Leyland is no different, neither would be his replacement. Regardless, the change in the overall record moving from Leyland's strategy to another manager's would be minimal, at best. It would be change for the sake of change.
But on-field decision-making is a small part of being a big league manager. Running a clubhouse and keeping players happy and ready to perform, from superstars down to the 25th man, is where managers make or break teams.
We've seen plenty of broken teams over the years in Detroit.
Remember the messy, divisive, cliquey, often mutinous Tigers' clubhouse which existed before Leyland arrived? The roster which harassed stewardesses and smoked pot on the team plane? The locker room of clubhouse lawyers and head cases which ran roughshod over Buddy Bell, Larry Parrish, Phil Garner, Luis Pujols and Alan Trammell? How can anyone forget an in over his head Trammell being completely bulldozed by Pudge Rodriguez?
Tigers fans talked more about the ridiculous clubhouse antics than the awful results on the field...when fans even bothered to pay attention to the worst team in baseball.
Since Leyland arrived in Detroit back in 2006, when was the last time there were rumors, or even a hint, of an unhappy clubhouse? When was the last time Leyland was shown up by a player?
There hasn't been a time.
There won't be a time.
Leyland runs a tight knit clubhouse full of players who would run through a wall for their leader, which is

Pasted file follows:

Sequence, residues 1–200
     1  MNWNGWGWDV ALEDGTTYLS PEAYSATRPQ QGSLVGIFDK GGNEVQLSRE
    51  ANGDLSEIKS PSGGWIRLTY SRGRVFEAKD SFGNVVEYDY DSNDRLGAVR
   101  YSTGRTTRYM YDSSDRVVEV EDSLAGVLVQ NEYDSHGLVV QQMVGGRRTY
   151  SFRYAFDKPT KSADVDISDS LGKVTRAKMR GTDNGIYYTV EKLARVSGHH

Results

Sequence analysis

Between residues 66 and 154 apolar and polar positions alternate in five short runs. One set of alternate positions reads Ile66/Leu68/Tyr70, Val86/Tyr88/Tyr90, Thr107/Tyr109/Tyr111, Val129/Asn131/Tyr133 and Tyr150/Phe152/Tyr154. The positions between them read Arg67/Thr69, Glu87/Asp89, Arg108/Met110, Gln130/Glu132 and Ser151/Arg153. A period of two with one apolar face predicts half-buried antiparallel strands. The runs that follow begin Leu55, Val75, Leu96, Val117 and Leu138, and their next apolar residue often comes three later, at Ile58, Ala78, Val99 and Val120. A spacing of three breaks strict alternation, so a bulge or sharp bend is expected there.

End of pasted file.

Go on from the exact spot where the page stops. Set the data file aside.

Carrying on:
more than half the battle of being a manager in the big leagues.
All of which leads to one incontrovertible fact. It would be outright stupid to let Jim Leyland go if he wants to stay. Leyland is the best Tigers manager since Sparky Anderson, and one of the best in the team's illustrious (and the decade before Leyland's arrival, not so illustrious) history. Teams don't fire managers of Leyland's ilk unless they have someone his equal or better signed, sealed, delivered and in your hip pocket. To find someone better than Leyland means hiring a World Series winning, Hall of Fame quality manager.
Good luck finding one.
If you're the mid-90s Tigers, despite the massive downside and very little upside, you still part ways with your legendary manager, then reside in baseball irrelevance for a decade while you try to find a legitimate replacement. I don't ever want to live though another misbegotten period of rotten baseball in Detroit ever again, thank you very much.
Jim Leyland wanting to manage in Detroit next season is the best news the Tigers could hear, short of winning the World Series. I just hope fans are smart enough to realize it.